Effects of neurotransmitter agonists on electrocortical activity in the rat kainate model of temporal lobe epilepsy and the modulatory action of basic fibroblast growth factor.

Abstract

We used systemic kainic acid (KA) injection to investigate how the development of temporal lobe epilepsy and the associated network reorganization affect the electrocorticogram (ECoG) responses to various neurotransmitter agonists. Unrestrained rats chronically implanted with electrodes over somatosensory cortex and dorsal hippocampus and a cannula into the right lateral ventricle were used to investigate the ECoG frequency responses of intracerebroventricularly applied agonists (NMDA, clonidine, muscimol, and baclofen) at several types of receptors [NMDA, alpha2-adrenergic (NE), GABAA, and GABAB, respectively] in KA-treated versus naïve animals. The ECoG was analyzed 2, 5, and 9 weeks after intraperitoneal injection of KA alone or in combination with basic fibroblast growth factor (bFGF, intracerebroventricularly). Within the first 5 weeks of KA injection, the ECoG power shifted towards the lower-frequency range. Concurrently, the electrographic responses to NMDA and clonidine were potentiated, whereas the ECoG effects mediated by GABAA and GABAB receptors remained largely unaffected. In control rats, bFGF strongly enhanced the electrographic NMDA responses. In sharp contrast, bFGF potently mitigated the abnormally increased NMDA sensitivity of epileptic rats, if applied 4 weeks post KA injection. These data suggest that upregulation and downregulation of the NMDA receptor-mediated effects on cortical activity might be a prominent feature of bFGF signaling in the intact and the damaged brain, respectively.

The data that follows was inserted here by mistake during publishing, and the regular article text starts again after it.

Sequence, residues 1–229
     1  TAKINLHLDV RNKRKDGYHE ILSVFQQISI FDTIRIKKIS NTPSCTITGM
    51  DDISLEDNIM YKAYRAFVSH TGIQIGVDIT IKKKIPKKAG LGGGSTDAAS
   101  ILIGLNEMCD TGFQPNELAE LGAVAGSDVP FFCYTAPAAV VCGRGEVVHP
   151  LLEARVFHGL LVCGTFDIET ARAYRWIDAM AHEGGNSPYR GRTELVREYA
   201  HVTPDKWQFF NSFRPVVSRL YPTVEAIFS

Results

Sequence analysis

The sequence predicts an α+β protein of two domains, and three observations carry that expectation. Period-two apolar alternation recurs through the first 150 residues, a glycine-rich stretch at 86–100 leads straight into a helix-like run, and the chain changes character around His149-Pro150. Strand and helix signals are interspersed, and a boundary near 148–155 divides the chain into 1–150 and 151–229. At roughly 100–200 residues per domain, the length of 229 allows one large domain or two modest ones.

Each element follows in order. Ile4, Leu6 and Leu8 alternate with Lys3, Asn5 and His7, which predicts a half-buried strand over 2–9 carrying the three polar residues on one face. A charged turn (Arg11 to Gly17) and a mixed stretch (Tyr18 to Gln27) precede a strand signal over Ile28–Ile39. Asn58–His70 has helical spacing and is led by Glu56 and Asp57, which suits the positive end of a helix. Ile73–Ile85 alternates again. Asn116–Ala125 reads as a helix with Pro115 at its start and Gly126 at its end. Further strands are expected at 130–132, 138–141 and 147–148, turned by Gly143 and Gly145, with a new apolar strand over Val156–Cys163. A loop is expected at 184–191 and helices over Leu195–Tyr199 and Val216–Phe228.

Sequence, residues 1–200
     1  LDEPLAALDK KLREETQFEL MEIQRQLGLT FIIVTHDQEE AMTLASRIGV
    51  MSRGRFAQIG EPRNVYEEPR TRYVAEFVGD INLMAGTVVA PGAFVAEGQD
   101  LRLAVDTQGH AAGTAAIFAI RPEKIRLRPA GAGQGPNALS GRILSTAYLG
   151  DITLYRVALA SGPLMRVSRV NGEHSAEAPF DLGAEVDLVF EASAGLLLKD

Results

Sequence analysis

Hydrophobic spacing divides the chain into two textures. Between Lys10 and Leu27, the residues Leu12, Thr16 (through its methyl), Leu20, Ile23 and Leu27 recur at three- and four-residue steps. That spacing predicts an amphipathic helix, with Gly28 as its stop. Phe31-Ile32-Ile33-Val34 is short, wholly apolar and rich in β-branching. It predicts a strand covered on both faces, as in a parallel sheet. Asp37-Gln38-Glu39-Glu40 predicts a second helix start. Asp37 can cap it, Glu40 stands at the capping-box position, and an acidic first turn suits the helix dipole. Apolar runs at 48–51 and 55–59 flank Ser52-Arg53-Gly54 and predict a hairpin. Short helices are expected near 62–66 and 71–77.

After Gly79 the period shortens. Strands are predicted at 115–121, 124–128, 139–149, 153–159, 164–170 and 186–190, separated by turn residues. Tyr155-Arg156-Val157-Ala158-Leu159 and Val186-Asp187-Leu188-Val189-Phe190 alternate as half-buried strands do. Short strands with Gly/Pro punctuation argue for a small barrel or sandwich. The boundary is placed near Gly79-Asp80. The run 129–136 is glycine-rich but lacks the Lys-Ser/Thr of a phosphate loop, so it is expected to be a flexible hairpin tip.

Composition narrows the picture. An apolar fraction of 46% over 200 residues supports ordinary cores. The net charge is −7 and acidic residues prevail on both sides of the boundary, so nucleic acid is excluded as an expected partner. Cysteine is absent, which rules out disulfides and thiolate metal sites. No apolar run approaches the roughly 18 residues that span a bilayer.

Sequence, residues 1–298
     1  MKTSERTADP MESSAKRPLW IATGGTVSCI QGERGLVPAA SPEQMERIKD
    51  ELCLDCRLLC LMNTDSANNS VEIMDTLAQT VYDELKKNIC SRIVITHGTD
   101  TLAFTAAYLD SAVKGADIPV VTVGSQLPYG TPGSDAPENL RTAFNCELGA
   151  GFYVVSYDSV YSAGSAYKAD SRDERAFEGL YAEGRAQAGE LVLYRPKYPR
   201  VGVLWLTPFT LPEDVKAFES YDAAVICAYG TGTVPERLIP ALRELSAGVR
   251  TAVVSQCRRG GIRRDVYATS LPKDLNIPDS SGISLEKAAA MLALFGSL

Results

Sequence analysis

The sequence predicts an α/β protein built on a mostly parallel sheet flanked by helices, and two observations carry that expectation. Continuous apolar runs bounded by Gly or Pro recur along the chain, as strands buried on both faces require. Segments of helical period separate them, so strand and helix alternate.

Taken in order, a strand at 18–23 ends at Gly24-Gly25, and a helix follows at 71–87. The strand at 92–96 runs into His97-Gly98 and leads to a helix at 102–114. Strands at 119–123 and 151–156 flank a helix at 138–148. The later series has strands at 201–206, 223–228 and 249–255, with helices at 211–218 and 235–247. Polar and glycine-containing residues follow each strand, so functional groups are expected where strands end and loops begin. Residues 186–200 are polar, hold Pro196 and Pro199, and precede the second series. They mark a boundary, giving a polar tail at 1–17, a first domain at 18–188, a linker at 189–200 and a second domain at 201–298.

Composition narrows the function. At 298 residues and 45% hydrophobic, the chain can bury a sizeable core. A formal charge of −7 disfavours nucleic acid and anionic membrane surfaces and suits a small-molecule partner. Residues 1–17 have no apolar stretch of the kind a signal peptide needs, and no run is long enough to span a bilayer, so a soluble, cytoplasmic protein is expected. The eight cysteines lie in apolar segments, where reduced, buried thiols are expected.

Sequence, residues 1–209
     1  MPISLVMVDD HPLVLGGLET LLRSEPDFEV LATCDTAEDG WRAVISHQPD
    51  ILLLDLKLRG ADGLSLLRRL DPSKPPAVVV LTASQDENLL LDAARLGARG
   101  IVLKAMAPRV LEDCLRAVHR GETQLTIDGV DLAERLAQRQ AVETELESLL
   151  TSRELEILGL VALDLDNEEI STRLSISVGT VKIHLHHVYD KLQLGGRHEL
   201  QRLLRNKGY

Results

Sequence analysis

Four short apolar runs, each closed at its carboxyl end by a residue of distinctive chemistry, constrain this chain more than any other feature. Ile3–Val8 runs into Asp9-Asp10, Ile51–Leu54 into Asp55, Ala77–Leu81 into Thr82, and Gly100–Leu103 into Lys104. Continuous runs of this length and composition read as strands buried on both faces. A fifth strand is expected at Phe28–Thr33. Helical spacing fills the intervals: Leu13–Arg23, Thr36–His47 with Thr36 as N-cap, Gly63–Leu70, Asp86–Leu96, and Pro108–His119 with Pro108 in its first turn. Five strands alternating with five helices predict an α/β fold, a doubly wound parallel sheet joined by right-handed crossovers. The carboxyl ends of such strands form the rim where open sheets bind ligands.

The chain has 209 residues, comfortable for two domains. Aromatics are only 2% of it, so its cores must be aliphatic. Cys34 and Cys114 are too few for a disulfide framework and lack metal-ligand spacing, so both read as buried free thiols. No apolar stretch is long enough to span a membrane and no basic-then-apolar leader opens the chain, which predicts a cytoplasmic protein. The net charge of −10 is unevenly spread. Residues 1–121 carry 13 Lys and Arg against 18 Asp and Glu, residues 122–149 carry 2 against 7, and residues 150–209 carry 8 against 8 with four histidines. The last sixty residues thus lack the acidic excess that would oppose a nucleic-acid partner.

Cite this paper

@article{Vorobyov2005EffectsON, title={Effects of neurotransmitter agonists on electrocortical activity in the rat kainate model of temporal lobe epilepsy and the modulatory action of basic fibroblast growth factor.}, author={Vasily Vorobyov and Nikolai V Schibaev and Georgii I Kovalev and Christian Alzheimer}, journal={Brain research}, year={2005}, volume={1051 1-2}, pages={123-36} }